There’s nothing wrong with cute, but in reality it can only carry you so far.
The Secret Life of Pets is as expected an unimaginably cute affair but its thin script while fine for the kids ends up being a little hit and miss for the adults who paid for the tickets.
Have you ever wondered what happens when we leave our beloved pets home for the day? Enter the scene at a standard Manhattan apartment building where Max (Louis C.K.) and his life as the favorite pet is about to be turned upside down when his owner brings home a big sloppy mongrel of a dog named Duke (Eric Stonestreet). After a dog walking trip gone horribly wrong, they have to put their quarrels aside as they encounter the adorable Snowball (Kevin Hart) who with his army of abandoned pets is hell bent on bringing down a world filled with happy pets and happy pet owners.
From the minds behind the Despicable Me franchise, The Secret Life of Pets does enough right to give us some funny set ups along memorable characters and moments but the premise wears a little too thin as it falls a little flat in the final act of the film.
The script from Cinco Paul, Ken Daurio and Brian Lynch starts off exceptionally strong as it rocks through a number of very funny beats and the directing team of Chris Renaud and Yarrow Cheney keep it all humming along at a very efficient clip. The myriad of characters are set up well and each is given some very distinct screen time especially towards the middle off the movie when it essentially becomes a chase film.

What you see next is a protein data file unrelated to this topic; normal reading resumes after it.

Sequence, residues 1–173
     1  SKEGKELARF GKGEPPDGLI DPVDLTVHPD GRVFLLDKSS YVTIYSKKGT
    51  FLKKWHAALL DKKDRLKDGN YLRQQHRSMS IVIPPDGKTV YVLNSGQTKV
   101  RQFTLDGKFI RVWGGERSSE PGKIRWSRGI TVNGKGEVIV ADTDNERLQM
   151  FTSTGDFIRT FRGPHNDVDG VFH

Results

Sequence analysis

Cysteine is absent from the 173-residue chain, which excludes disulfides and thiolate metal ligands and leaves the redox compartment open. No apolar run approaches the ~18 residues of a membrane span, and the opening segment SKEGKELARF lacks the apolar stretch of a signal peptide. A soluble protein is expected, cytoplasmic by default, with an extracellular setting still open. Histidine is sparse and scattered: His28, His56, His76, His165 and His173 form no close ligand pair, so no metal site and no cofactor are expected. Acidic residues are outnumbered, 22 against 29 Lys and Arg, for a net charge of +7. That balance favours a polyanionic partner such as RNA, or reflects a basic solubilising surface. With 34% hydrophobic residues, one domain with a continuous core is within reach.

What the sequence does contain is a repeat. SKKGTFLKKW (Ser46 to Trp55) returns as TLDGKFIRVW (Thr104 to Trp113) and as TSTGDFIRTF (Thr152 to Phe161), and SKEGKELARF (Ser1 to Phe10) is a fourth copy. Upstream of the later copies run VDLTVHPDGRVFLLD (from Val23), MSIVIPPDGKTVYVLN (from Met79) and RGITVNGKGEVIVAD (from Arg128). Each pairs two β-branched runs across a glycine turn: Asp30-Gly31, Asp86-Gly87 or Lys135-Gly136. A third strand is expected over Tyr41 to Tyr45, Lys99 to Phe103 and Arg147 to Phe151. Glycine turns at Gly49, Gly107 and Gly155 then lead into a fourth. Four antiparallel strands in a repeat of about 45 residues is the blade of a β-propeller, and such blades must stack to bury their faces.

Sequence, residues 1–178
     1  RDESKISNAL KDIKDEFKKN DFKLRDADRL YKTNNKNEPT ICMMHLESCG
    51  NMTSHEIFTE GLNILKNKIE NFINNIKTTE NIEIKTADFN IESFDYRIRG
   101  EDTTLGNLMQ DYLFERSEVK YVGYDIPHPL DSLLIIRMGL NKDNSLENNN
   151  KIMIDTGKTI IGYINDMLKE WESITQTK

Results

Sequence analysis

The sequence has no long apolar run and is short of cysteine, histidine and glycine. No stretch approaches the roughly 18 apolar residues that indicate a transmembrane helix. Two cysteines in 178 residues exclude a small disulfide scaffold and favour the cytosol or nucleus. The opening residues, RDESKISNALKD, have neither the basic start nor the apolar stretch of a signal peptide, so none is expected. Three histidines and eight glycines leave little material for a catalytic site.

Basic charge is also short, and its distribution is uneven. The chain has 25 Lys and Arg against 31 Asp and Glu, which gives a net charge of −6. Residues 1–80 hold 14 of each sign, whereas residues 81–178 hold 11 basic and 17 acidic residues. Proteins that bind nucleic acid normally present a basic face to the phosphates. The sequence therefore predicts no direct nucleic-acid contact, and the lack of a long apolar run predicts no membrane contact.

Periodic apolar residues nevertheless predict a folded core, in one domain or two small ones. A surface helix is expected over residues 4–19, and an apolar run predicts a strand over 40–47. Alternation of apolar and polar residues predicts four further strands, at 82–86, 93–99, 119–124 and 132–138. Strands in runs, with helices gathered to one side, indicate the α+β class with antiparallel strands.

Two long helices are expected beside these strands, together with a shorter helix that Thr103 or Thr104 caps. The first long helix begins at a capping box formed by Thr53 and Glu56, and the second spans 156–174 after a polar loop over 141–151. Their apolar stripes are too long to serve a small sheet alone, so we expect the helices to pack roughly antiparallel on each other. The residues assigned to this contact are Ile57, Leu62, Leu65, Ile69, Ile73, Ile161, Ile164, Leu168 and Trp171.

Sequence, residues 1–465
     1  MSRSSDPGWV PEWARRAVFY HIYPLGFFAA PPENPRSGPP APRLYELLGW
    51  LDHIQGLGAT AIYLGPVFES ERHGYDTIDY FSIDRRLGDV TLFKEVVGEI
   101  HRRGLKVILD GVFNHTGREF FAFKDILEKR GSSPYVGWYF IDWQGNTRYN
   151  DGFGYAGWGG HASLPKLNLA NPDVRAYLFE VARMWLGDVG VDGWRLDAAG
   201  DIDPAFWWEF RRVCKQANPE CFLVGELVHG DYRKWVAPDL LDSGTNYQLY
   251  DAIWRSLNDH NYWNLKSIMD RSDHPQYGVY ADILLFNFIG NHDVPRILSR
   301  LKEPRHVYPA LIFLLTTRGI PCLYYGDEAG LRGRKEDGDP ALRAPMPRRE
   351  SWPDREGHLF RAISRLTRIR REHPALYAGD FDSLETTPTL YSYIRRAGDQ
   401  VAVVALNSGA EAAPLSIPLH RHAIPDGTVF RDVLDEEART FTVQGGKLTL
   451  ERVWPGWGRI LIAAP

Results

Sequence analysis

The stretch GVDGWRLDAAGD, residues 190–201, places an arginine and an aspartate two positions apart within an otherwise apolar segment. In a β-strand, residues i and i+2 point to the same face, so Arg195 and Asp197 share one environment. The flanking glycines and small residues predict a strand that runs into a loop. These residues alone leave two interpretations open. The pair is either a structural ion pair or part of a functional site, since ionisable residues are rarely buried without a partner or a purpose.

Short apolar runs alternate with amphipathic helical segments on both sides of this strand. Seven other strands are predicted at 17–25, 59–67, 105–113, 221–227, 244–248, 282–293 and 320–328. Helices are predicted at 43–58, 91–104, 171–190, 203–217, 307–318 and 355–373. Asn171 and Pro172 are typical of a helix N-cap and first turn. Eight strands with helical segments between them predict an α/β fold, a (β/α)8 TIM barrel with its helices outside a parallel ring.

Sadly though this is when the film begins to come off the rails. Our two lead dogs are cute but they get surpassed by the supporting characters who just feel much more interesting and fleshed out then the leads. No one does a bad job, but the writing lets us as an audience down. We are never really 100% engaged in these leads, and we really should have been.
The voice performances from top to bottom are actually pretty good as Louis C.K., Eric Stonestreet, Albert Brooks, Lake Bell, Hannibal Buress and Dana Carvey all do fine work but it is two stand outs in the supporting cast that actually carries this movie farther then it probably should have gone.
As the maniacally adorable bunny Snowball, Kevin Hart channels a hilarious militant revolutionary with aplomb and ease in what just might be one of his funniest performances that he has ever given to date. He goes pedal to the metal on this one, and it works. Alongside the always hilarious Jenny Slate as Gidget; the surprisingly driven paramour of Louis C.K.’s Max, she brings an insanely fun energy to the table. Seeing her chase down her man through the streets of New York is actually more entertaining than seeing Max & Duke try to get home and become lifelong friends.
At the end of the day, The Secret Life of Pets is an entertaining little romp that will delight the entire family but it just might not stand up to repeat viewings.